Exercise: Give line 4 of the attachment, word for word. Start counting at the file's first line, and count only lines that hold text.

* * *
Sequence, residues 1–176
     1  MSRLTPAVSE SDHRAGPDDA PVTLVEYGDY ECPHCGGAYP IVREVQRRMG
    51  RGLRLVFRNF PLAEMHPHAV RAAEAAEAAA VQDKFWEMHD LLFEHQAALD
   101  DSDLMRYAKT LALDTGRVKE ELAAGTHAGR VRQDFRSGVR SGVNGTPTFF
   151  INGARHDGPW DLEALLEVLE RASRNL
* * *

   101  DSDLMRYAKT LALDTGRVKE ELAAGTHAGR VRQDFRSGVR SGVNGTPTFF